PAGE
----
It's the Roaring Twenties. That musical jack-of-all-trades, Sergei Koussevitsky, Director of Music with the Boston Symphony Orchestra for twenty-five years, commissions the orchestration of two world-famous works: "Pictures at an Exhibition" by Modest Mussorgsky and the "Études-Tableaux" by Sergey Rachmaninoff. And who does Koussevitsky choose for this task? Why, none other than the two great composers Maurice Ravel and Ottorino Respighi. Their orchestrations lay the foundations for numerous other arrangements of those works. More than 80 years later, Dirk Mommertz, a member of and pianist with the Fauré Quartett, has arranged both of these works anew – this time for piano quartet.
"A chamber-music ensemble, with piano and strings, is ideally suited to present the entire tonal spectrum," explains Dirk Mommertz. Violinist Erika Geldsetzer, violist Sascha Frömbling, cellist Konstantin Heidrich and Mommertz at the piano have been an entity for over 25 years now and are justifiably acknowledged as one of the most influential piano quartets in the world. They are renowned for branching out into new territory; they are not afraid of leaving the well-trodden path, so it comes as no surprise that the Fauré Quartett have recorded for the first time, and are about to release, their own arrange-ments of "Pictures at an Exhibition" and the "Études-Tableaux" on one album.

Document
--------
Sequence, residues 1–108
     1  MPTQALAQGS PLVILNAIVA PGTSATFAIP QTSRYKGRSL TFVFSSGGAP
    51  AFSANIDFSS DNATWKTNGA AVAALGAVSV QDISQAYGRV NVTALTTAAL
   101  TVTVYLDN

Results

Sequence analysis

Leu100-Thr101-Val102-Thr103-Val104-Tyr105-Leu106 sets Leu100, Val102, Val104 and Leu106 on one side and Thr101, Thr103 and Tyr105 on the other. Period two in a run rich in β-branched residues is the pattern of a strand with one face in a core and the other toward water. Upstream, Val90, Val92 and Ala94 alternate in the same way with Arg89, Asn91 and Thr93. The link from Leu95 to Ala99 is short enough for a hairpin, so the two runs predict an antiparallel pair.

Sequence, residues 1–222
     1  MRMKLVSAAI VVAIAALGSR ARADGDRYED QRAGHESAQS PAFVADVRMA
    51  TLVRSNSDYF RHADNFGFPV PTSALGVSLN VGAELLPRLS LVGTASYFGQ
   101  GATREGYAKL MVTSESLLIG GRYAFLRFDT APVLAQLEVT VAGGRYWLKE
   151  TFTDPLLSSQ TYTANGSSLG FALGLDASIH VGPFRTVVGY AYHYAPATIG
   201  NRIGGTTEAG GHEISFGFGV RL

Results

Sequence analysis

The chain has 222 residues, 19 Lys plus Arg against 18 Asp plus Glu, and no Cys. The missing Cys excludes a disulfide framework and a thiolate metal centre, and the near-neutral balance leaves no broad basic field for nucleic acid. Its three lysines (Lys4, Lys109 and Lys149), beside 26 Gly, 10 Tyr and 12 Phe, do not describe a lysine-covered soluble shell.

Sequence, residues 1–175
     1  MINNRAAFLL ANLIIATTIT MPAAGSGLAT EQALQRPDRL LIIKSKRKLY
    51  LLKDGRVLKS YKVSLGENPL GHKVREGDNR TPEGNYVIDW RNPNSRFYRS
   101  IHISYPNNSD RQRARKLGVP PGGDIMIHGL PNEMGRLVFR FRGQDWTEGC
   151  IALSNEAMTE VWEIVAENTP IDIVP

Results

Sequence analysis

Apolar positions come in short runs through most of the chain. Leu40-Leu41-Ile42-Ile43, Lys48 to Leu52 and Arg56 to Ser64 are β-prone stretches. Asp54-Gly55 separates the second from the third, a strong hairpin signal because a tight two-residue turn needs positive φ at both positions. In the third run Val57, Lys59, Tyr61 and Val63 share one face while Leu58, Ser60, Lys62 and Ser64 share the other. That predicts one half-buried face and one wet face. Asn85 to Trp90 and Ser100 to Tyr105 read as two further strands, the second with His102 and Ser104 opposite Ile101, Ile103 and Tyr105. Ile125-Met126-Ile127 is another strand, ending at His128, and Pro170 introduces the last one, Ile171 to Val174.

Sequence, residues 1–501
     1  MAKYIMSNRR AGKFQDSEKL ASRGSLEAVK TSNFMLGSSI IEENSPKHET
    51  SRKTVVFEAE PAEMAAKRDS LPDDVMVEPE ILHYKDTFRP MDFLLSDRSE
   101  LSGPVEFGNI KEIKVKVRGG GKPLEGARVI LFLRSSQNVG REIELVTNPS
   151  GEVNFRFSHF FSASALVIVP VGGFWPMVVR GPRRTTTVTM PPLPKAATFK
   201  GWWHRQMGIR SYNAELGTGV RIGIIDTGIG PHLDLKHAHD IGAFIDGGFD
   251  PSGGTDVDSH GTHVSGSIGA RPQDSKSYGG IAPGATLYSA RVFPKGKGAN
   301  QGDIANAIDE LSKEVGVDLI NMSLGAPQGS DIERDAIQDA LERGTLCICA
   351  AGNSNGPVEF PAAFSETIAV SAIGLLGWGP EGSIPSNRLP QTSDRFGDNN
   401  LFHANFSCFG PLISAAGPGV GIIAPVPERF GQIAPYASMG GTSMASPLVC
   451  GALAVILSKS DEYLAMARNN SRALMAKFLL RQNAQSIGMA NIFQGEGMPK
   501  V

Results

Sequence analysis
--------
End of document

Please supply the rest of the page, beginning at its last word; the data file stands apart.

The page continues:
The mesh of relationships which binds Mussorgsky's composition of 1874 and Rachmaninoff's of 1911-1918 with Koussevitsky's commissions to Ravel and Respighi, now ends 150 years later with the Fauré Quartett in the 21st century. The versions for piano quartet bring to the works an unexpected palette of colours. They are flexible, yet dense; more tangible than when played by a whole orchestra, yet none the less thrilling – works possessing unique soul and intense colouring, with as-yet-unheard facets and turns; works that exhibit great spans of upheaval and fading tranquillity.
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